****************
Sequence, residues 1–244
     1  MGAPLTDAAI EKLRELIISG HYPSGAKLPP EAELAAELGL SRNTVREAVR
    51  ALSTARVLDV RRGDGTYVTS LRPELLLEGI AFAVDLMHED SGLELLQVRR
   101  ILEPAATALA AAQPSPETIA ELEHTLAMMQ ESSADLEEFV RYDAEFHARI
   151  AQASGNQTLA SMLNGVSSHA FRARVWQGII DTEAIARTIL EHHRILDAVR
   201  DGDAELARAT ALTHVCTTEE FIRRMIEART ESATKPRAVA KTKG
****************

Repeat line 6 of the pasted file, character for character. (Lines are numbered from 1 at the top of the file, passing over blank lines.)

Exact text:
   201  DGDAELARAT ALTHVCTTEE FIRRMIEART ESATKPRAVA KTKG